The video game industry has been around since Atari released Pong in 1972.
Since the days of low bit graphics, video games have collectively grown into a billion-dollar industry that is now part of mainstream media.
As technology and graphics have advanced, so too have the games themselves.
Executing an enemy fighter in Mortal Kombat II on an early ‘90s Super Nintendo looks very different than on an Xbox 360 today.
In 1994, the Entertainment Software Rating Board (ESRB) was created to inform the public of specific video game content. ESRB reviews a game’s content before sale, and assigns it a rating.
All video games sold today have one of the following labels: Early Childhood (EC), Everyone (E), Everyone ages 10 and up (E 10+), Teen (T), Mature (M) and Adults Only (AO).
These can be found on the front of video game boxes, along with a description of the game’s content on the back. For example, games with an “M” rating—suitable for those 17 and older—can contain intense violence, blood and gore, sexual content and/or strong language.
However, major retailers and video game stores like GameStop and Walmart require the customer to either be at least 17 years old or be accompanied by someone who is.
Marcie Beltran, 23, an employee at GameStop’s Chapman Avenue location in Fullerton, explained how youth still gain access to these games.
“We do not sell M-rated games to those underage,” said Beltran. “I get about three or four people every day that I inform them of the game they are buying for their 8-year-old may contain blood and gore and sexual content, and they just buy it anyway.”
Of the top ten video games sold in 2012, half of them, including top-selling military shooting game Call of Duty: Black Ops II, were rated M for violence, according to the NPD Group. Oddly enough, of the 1,218 ratings assigned by the ESRB last year, only 9 percent received an ‘M’ rating.
This shows that even though mature games are not the bulk of the industry, they dominate the popular market.
Prior to 2009, no more than three M-rated titles made top-ten sales in any year. That number doubled by 2011.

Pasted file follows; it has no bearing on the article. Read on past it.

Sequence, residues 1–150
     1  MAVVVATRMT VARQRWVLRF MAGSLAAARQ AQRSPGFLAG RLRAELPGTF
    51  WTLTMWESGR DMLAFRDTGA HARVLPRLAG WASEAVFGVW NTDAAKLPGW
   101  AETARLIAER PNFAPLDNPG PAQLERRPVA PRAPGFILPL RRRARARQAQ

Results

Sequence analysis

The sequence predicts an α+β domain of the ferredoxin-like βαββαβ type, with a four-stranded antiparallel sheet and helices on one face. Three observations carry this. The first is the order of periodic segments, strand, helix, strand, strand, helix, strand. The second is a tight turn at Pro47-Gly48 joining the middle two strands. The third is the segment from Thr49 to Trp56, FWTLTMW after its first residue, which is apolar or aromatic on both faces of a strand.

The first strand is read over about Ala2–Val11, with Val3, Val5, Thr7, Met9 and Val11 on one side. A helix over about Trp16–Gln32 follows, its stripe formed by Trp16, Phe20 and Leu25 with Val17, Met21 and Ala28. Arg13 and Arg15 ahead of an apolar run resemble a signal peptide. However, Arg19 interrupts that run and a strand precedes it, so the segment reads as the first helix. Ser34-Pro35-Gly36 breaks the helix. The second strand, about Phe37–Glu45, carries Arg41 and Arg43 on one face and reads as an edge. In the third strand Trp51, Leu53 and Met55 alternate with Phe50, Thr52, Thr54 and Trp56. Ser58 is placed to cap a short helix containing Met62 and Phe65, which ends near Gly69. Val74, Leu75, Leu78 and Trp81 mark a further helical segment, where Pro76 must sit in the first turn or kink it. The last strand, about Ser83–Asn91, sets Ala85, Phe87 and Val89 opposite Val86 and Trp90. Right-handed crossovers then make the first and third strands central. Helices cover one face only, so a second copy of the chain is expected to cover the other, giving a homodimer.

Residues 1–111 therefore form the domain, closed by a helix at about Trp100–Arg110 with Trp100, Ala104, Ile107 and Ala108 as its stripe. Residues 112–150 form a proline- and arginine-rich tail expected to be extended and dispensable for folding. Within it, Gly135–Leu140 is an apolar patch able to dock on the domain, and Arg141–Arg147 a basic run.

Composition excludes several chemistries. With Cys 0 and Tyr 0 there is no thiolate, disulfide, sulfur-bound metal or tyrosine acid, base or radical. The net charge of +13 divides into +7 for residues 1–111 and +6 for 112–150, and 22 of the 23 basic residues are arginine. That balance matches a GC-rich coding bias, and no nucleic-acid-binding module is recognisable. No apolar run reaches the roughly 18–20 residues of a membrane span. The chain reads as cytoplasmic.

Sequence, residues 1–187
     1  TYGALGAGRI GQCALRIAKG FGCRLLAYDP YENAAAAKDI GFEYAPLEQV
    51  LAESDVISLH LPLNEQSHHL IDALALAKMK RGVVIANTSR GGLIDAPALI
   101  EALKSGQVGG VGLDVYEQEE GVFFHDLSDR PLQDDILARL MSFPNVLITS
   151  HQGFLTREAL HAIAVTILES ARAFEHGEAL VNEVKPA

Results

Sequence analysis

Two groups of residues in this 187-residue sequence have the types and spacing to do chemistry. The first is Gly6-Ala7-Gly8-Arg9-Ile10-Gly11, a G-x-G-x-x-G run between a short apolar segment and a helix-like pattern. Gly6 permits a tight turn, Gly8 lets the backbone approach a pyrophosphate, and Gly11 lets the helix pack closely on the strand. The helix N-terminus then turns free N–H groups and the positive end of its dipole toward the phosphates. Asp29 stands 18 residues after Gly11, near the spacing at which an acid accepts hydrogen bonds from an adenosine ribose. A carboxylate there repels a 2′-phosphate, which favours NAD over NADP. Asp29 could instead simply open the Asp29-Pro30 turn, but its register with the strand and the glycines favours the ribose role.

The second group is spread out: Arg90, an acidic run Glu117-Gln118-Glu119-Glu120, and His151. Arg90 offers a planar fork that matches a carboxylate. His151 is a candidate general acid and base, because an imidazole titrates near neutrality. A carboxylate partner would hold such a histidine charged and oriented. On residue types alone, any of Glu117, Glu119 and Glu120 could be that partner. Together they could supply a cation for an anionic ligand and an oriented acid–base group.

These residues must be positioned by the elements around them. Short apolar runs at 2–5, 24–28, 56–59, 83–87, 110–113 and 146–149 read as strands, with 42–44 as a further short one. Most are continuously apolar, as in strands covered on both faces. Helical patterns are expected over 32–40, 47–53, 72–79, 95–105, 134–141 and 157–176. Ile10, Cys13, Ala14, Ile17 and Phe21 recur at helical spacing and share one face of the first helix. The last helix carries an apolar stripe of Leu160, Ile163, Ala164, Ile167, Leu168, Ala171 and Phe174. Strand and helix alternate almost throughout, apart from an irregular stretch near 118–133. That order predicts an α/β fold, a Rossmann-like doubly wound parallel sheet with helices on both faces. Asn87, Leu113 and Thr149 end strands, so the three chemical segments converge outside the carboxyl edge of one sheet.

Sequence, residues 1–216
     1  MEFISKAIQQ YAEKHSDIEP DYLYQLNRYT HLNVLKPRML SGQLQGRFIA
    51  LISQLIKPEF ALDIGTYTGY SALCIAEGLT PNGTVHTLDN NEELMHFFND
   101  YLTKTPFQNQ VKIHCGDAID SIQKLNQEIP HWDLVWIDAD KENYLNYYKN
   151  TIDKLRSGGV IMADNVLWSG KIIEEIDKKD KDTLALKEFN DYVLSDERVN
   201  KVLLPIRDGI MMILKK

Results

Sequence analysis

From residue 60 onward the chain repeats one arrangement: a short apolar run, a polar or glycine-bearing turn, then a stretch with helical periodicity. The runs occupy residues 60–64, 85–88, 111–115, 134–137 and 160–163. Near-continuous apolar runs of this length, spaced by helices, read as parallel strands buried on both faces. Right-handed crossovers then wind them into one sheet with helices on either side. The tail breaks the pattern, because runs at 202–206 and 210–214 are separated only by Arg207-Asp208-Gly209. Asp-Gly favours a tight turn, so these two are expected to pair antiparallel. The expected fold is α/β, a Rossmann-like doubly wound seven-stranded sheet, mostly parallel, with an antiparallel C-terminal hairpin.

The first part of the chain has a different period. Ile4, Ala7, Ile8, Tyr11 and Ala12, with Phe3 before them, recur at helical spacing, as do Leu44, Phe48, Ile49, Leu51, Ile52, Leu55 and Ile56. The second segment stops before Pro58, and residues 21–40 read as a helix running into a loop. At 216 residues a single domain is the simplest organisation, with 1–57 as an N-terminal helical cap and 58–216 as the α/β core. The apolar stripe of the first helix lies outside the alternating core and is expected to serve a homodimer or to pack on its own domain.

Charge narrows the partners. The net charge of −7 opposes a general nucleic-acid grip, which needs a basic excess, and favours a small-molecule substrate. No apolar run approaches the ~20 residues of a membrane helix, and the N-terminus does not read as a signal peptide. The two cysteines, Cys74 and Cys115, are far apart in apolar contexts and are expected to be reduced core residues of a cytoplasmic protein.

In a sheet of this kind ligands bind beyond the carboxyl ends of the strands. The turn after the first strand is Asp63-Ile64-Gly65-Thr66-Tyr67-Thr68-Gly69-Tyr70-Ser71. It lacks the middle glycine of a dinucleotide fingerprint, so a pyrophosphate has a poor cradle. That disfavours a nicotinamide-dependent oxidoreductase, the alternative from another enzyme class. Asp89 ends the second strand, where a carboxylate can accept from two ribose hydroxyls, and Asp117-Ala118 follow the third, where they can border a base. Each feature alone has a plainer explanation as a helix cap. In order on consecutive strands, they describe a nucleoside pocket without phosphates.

The increase in mature games also seem to correspond to video game critics.
The aggregate ratings of Metacritic.com, a site that compiles reviews from industry critics, show that that in addition to an increased number of violent games cracking the top-ten sales list, half of the top critically-acclaimed games also fell into this category.
Even with this segment of the industry being so small, its immense popularity manages to gain attention within mass media.
Violent video games get their share of blame for tragedies that occur in the real world.
After the shootings at Sandy Hook Elementary, Sen. Jay Rockefeller (D – West Virginia) introduced a bill for the National Academy of Sciences (NAS) to study the impact that violent video games have on children.
The negative effects of violent images on the mind have been well documented.
A 2012 study from Ohio State University showed that habitual playing of violent video games over a three day period increased “aggressive behavior and hostile expectations.”
Kids can become aggressive when they cannot have what they want. This can lead to them finding other means to get it.
“How to Buy M Rated Games,” an 11-step guide to help underage customers obtain violent video games, appears on wikiHow.com. It suggests methods such as renting the games rather than buying them, or ordering them online and lying about your age since no official ID check is required.
With the changes to more mature content, the real trend in the industry may be a shift in audience. Video games are no longer just for kids—in the future, they might not be for kids at all.